Once I let the anaesthesia of my previous readings of this text wear off, I started to see this king for who he really was – a king whose invited guests would rather do anything than come to the party of someone with such violent behavior, a king who elicits a response of killing the people delivering an invitation to a wedding – which says to me that some violent history initiated by this king could have been somewhere in the background, a king so angry that his reputation has been sullied and his “property” has been murdered that he burns down an entire city in his rage, a king who casts someone out into the danger of night because they aren’t wearing the right clothing. And I realized that this king sounds a lot like King Herod, who we met in the beginning of Matthew’s Gospel – a local administrator of the empire’s power who was so emotionally fragile, paranoid, and anxious about Jesus taking his place as king that he murdered every child under the age of 2 in an attempt to hang on to his authority.
At this point, I couldn’t go back. I couldn’t unsee what these theologians of color were helping me to see. And I had to ask myself: What is it about me that is so ready to push through my discomfort with this image of a vengeful, violent God to just accept that this is how things are meant to be? What I realized is that the part of me that so readily softened these sharp edges is the same part of me that seeks to numb myself when news hits that another Black person has been murdered by the police. It’s the same part of me that resists interrogating the white supremacist values inside my own heart and relationship patterns because it is too painful and time-consuming to unpack. It’s the same part of me that would rather keep the false peace than interrupt racist comments and behavior from my friends and my family. Because you know what? If I am honest, the violence of the king is never a violence that has been perpetrated against me, a member of the privileged class. Actually, the violence that is white supremacy and white silence is a violence that has always been deployed to protect my own comfort and complacency. The part of me that has always given this violent king a pass in my reading of this text is the same part of me that gives myself a pass, letting the hard, life-long work of challenging and dismantling white supremacy be someone else’s problem.
Breathe in… breathe out…
At this point of the reading, what the Rev. Debie Thomas writes resonated with me deeply. She says that she goes now to this text with “eyes starving for Good News — not the mingy Good News that secures my salvation and my comfort at the expense of other people’s bodies and souls — but rather, the Good News of the Gospel that is inclusive, disruptive, radical, and earth-shattering.” (Thomas, “The God Who Isn’t”.)
Where is that Good News to be found in this new reading? When the Rev. Thomas pointed it out to me, it left me in shock and surprise. What if Jesus is found in this text not as the royalty being celebrated at the banquet, but in that lone guest who refuses to give this violent king a pass as his armies burn down entire cities outside? What if Jesus is the guest who refuses to put on a celebratory wedding robe of “forced celebration and coerced hilarity,” as Thomas puts it, and instead chooses to be bound hand and foot and thrown into “the outer darkness, where there will be weeping and gnashing of teeth,” a place that sounds a lot like that lonely hill of Calvary, a place that sounds a lot like what Jesus endured by choosing to resist the empire and instead be murdered by the state on a cross.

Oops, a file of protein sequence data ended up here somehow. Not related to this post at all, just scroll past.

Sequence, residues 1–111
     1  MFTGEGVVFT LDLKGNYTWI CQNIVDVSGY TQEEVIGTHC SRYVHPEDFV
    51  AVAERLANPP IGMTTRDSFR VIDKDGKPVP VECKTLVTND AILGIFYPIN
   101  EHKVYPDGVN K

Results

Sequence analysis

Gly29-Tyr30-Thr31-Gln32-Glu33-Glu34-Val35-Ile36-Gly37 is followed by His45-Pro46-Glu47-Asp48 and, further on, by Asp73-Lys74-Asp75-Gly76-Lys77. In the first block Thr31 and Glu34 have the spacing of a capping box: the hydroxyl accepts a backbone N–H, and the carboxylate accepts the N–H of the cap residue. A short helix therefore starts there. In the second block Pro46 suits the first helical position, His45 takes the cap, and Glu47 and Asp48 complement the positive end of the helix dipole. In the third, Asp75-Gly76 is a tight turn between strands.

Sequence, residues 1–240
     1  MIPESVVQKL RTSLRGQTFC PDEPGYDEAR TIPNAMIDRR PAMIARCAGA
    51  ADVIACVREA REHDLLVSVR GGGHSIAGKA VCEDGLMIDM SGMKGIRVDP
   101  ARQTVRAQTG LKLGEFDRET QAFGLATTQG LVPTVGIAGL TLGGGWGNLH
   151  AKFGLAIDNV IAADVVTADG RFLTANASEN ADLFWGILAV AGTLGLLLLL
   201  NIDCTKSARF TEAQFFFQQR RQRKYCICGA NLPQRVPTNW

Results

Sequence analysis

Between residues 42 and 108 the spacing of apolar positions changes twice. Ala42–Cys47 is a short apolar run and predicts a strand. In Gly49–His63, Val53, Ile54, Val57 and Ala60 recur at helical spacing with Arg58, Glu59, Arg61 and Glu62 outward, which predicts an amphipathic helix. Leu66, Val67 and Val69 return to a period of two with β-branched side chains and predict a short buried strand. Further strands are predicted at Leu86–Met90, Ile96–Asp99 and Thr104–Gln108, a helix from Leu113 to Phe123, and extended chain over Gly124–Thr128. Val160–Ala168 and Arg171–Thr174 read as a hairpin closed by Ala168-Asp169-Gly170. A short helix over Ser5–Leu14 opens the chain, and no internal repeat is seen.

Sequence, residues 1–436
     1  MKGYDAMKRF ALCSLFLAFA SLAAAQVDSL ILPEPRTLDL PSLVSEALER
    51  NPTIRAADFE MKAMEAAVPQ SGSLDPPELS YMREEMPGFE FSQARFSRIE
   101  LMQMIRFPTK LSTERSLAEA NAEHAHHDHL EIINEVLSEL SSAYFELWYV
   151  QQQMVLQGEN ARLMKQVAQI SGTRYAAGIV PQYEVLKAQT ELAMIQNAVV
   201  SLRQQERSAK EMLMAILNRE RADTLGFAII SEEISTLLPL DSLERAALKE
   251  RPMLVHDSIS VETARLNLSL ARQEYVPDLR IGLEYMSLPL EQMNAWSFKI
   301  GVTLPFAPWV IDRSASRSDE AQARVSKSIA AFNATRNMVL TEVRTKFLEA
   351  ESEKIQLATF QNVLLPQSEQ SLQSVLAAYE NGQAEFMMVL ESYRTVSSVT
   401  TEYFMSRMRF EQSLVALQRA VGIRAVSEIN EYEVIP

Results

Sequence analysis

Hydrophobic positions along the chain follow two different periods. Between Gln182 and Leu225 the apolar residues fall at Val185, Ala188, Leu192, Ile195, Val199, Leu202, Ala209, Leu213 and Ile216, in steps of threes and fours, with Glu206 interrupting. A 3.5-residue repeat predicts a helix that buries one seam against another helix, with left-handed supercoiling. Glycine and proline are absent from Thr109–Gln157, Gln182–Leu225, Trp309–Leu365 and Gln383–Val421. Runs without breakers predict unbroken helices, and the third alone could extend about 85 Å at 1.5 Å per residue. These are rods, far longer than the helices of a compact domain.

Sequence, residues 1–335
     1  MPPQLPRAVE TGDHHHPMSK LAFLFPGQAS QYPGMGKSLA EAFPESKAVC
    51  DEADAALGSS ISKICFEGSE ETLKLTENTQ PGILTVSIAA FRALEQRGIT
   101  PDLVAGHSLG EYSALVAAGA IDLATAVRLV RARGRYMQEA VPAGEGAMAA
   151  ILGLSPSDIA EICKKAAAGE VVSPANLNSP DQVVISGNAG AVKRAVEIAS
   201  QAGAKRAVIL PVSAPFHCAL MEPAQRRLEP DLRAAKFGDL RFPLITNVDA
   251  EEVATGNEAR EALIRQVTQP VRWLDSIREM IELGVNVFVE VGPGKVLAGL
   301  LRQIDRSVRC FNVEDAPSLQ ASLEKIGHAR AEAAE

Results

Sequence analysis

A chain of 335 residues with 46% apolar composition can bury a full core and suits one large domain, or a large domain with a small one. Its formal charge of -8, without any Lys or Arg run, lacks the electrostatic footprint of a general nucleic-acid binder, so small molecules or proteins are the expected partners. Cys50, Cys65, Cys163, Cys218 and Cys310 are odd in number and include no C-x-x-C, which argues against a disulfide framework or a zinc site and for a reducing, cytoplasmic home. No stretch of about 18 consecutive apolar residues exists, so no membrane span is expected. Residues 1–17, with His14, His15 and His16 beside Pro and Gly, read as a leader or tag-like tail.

Breathe in… breathe out…
And here’s the question to us in a story that is meant to afflict the comfortable: What would need to change about our lives and our choices in this unprecedented time in history for us to stop giving the murderous kings in the world and in our hearts a pass and to instead identify with, stand in solidarity with, be thrown into outer darkness with the Jesus who would be exiled to the cross for us? As Thomas asks us, “what robes of privilege, power, wealth, empire, location, and complicity would [we] have to refuse to wear? What holy rebuke would [we] have to speak or embody when the king demands [our] cheery presence at his table? What feasts would [we] have to forego”, Thomas asks, “to follow the unrobed dissenter when he’s escorted into the darkness, bound and broken for the sake of love?” (Thomas, “The God Who Isn’t”.)
If you are like me, there is nothing you would like to do more right now than reach again for the anesthesia and slip back into the warm water of apathy. But our Jesus is calling us somewhere else. Our Jesus is calling us to hold his hand as we refuse to force a smile while the world is burning. It’s an exceedingly challenging way to travel, and maybe that’s why Jesus tells us that many are called and few are chosen, because so few will choose to walk a path so hard. Our Jesus is calling us out of our comfort onto that path to the cross, where our privilege must die so that we are no longer numb to the world’s pain. Because Jesus went there first, and it is there that he waits for us to join him. Amen.